If you’ve been in the business of online media buying for any length of time, you know that keyword buys are among the most targeted and can produce some of the highest click rates in your online campaign. Some K2 banners triggered by specific keywords have sustained click rates upwards of 20 percent.
The concept is simple. If you’re selling widgets online and you buy the keyword “widget” across the major search engines, you’re going to capture the eyeballs of plenty of folks who are looking to buy widgets. You’ve got them in the proper content and in the proper mindset, which is the golden combination for those who want to sell product online.
Up until recently, keyword buys were a fairly simple thing. You simply called your friendly neighborhood salesperson and asked them to check into available inventory under the keywords you were interested in. The salesperson would check the available inventory and make an educated guess as to how many impressions would fall under that keyword in the coming month, and you would make your buy based on those projections.
It distresses me greatly to report that it’s just not that simple anymore. Evidently, some of the major search engines have adopted new policies that require the purchase of untargeted inventory (usually run of site) along with any keyword packages that you might purchase.
Excuse me, but does this seem counterproductive to anyone else? Here I am, trying to purchase targeted inventory on behalf of my clients, and my friendly neighborhood sales rep is trying to make me buy untargeted stuff that I don’t want. What do you think will happen?
First, clients are going to compare click rates and back-end sales to the results that the search engine was achieving before the new policy went into effect. Of course, those rates will be lower now that my widget banners are showing up under keywords like “hockey” and “Quaalude.” Next, the media planner will compare performance to that of another search engine that doesn’t have a similar policy. Obviously, the performance metrics will be like night and day.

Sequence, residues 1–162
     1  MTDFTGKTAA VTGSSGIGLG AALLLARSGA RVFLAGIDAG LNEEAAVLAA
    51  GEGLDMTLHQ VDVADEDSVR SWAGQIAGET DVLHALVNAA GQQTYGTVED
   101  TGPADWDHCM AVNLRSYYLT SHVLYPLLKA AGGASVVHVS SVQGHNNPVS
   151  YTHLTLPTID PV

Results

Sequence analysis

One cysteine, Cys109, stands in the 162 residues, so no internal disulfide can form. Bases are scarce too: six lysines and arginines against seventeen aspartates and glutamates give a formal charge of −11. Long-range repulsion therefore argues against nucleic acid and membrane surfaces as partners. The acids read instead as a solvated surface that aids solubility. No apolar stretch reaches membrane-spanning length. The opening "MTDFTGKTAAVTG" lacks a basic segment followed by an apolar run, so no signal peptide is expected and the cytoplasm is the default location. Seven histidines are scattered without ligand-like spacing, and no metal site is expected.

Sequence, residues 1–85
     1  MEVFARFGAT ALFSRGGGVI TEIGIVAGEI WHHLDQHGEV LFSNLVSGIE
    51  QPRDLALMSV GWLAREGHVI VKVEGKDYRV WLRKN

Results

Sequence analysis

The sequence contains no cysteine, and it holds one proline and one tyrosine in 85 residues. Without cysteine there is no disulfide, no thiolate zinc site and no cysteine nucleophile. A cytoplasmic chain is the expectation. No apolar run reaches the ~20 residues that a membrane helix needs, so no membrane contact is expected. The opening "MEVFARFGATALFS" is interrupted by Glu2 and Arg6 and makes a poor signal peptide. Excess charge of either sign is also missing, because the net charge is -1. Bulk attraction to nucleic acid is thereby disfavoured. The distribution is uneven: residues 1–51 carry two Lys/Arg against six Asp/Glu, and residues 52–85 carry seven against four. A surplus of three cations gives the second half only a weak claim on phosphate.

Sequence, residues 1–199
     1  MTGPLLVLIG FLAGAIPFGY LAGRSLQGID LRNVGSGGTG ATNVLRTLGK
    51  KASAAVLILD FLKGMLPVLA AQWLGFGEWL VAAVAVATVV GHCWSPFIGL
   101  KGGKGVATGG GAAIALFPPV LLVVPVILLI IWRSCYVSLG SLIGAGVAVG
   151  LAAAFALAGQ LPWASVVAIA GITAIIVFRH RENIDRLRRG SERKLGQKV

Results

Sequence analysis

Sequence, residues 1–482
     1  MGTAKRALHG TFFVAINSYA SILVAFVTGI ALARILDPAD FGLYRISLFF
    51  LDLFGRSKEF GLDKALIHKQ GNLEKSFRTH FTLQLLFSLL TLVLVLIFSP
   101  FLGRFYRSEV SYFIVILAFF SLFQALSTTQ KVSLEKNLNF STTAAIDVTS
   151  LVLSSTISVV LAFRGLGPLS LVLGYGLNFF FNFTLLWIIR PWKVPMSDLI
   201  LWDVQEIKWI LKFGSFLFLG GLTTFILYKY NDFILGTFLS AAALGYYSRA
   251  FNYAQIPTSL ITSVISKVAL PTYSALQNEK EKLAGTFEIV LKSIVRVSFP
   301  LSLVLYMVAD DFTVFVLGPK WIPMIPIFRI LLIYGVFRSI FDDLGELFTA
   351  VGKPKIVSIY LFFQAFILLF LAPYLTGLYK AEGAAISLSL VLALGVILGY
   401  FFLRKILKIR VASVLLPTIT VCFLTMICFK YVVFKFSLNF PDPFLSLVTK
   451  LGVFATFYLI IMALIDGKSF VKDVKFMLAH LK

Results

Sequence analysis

Soon thereafter, the media planner will make the not-so-tough decision to cut the search engine with the untargeted inventory from the buy, due to underperformance. Now, instead of the agency and client being happy with a nice, efficient campaign, the money is being pulled and reallocated somewhere else.
The point is that clients are not necessarily happy with having to buy untargeted inventory along with their keyword buys. Some of my clients purchase keywords exclusively, opting for a low out-of-pocket plan that delivers very targeted eyeballs to their sites. If these particular clients were to be forced into buying ROS inventory from all of the search engines, the efficiency of their media plans will drop like bricks, and it might change their views on Internet advertising as a whole. Let’s just thank the powers that be that only a couple of search engines have adopted this policy (so far).
So, the question remains What should the search engines do with their untargeted inventory? I think when it comes to keywords, one company’s trash is another’s treasure. Don’t force me to buy the word “hockey” if I’m selling widgets. Sell it to the NHL. They’ll pay a higher CPM for it, and they’ll definitely get more mileage out of it.
Let’s get the message out. This isn’t broadcast television. Environment and mindset matter on the Internet. Recommend that your clients refuse to buy untargeted inventory along with their keywords. If the right people get the message, maybe they’ll wake up to the fact that this is a targeted medium.
Video consumption keeps increasing and Facebook is serious about a video-first world, encouraging us all to explore its full potential. Ian Crocombe, ... read more
Mike Andrews Ph.D is Chief Scientist (Forensiq) at Impact Radius, and is carrying out some fascinating work around digital marketing and ad ... read more
A new organization, The Coalition for Better Ads, has been launched to “leverage consumer insights and cross-industry expertise to develop and implement ... read more